LOS ANGELES — The U.S. Army Corps of Engineers Los Angeles District is sometimes nicknamed the Hollywood District. This is because movie companies often need to shoot in uncongested and iconic areas of Los Angeles and regularly appeal to the Corps for permission to film on property we manage.
The famous Los Angeles River and flood control channel has been the backdrop and frequently used filming location for movie productions and television shows for decades. Portions of the movies Greece, Repo Man, Terminator, and, most recently, the Batman Dark Night series, to name just a few, were filmed there.
The district’s Asset Management Division permits and facilitates the use of the flood control channel and performs other types of real estate transactions for the district. For example, they manage operations and maintenance requirements for 16 dams, debris basins, and portions of the Los Angeles River.
“The reason why the film companies come directly to us is because, in most cases, the land they are asking about is land the federal government owns,” said Willie Starks, Asset Management specialist. “They have to get permission to film on federal property. Besides the very popular Los Angeles River, another location we manage and frequently get requests to film at is the Sepulveda Dam and spillway.”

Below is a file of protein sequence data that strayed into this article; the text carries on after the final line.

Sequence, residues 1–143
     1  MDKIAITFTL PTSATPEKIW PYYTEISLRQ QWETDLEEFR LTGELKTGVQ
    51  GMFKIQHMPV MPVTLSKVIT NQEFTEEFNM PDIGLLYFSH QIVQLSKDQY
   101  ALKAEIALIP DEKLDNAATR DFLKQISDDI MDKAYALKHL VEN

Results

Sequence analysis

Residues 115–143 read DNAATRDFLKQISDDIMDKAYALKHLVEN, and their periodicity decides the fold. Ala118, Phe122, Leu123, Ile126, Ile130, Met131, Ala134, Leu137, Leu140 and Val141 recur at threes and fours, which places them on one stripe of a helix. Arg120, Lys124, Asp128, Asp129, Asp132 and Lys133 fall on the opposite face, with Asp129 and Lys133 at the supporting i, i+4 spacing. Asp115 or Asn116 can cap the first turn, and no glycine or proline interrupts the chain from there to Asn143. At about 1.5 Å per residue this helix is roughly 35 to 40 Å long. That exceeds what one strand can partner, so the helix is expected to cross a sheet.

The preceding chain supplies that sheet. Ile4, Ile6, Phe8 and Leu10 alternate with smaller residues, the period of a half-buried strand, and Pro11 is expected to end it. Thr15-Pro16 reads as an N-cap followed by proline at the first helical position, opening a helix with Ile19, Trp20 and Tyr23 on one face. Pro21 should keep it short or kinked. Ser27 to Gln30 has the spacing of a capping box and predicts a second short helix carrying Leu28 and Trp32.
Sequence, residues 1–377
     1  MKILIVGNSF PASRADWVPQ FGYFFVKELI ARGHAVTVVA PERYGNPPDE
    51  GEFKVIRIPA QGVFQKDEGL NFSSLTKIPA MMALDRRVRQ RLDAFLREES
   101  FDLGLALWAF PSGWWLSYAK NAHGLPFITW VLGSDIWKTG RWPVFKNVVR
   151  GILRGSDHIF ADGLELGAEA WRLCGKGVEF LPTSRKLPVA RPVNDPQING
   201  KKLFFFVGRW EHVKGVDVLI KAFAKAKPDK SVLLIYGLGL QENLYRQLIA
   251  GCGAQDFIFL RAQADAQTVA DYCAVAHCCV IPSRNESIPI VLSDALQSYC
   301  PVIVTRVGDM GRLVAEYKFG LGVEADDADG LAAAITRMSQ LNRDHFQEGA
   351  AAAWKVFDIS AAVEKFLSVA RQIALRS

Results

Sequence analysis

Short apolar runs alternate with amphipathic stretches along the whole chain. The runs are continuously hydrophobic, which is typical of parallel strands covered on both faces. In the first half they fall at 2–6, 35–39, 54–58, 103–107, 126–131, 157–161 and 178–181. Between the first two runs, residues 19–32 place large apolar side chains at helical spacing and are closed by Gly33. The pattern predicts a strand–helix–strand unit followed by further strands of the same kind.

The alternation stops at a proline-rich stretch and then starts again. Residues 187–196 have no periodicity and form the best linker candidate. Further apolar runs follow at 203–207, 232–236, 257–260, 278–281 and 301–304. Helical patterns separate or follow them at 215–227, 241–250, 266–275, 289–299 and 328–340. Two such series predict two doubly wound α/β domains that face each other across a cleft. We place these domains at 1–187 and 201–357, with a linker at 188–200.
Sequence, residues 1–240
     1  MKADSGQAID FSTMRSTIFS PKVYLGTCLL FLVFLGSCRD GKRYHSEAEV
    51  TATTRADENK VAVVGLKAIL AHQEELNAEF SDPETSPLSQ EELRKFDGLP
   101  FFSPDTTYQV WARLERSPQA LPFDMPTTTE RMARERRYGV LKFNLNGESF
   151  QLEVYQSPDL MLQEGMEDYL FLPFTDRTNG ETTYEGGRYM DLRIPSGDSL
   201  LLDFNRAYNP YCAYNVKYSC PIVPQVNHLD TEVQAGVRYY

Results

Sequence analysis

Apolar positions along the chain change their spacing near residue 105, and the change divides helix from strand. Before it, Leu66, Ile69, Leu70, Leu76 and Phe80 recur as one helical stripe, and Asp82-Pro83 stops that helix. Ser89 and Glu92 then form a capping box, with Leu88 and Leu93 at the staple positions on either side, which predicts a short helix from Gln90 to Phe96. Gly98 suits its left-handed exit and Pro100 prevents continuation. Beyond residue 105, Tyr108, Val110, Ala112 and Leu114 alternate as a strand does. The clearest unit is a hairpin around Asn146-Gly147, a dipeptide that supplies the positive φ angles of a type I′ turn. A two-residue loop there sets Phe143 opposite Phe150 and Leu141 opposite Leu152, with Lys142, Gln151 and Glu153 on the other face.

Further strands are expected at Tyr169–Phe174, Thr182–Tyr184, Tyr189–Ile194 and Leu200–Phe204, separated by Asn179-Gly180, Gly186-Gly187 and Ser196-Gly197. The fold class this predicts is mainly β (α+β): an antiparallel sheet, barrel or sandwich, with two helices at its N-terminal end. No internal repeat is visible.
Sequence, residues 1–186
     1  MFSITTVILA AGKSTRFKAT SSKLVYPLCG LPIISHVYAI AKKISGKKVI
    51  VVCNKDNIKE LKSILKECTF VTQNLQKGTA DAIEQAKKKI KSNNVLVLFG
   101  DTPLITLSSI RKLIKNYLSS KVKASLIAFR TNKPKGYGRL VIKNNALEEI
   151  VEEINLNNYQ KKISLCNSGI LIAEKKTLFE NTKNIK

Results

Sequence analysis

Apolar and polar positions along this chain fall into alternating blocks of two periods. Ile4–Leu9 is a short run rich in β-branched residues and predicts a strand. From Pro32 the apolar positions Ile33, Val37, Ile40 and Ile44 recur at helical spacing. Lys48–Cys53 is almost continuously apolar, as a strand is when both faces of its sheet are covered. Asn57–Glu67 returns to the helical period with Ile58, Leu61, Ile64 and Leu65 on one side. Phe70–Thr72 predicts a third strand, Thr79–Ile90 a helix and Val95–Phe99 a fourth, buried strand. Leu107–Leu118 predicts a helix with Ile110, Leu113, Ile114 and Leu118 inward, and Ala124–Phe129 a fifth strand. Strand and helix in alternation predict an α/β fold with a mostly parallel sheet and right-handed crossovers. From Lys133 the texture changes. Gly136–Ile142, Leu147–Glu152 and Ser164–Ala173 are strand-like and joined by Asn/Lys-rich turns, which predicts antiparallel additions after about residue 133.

Upon issuing a film permit, another group of Corps professionals step in to ensure the environment is protected and facilities are not damaged during filming. Most of all, they ensure filming is conducted in a safe manner.
“It’s important that we are on site to provide extra eyes for safety, but the movie companies have their own safety professionals on the scene too, and we work together,” said District Occupational and Safety Specialist Steve McCombs.
In May, the U.S. Army National Guard released their newest commercial, which was filmed in the Corps’ Whittier Narrows flood control basin.
“When we get to high risk maneuvers, like the Guard using a Blackhawk and fast roping with stunt people being pulled up and down with a crane, we want to make sure everything is done properly,” McCombs said. “For that commercial, we made sure the tip of the crane was lighted and had a flag in accordance with aviation safety.”
“One of the best things about the U.S. Army Corps of Engineers is that they have the flexibility to provide us with a location where we can be exclusive and have an opportunity to be protected,” said Lisa Bryan, Army National Guard new media program manager. “They helped us stage and put our equipment in place, and we look forward to continuing the successful relationship we’ve developed.”
For information about who to contact about film permits, please email the public affairs office at firstname.lastname@example.org or call 213-452-3921.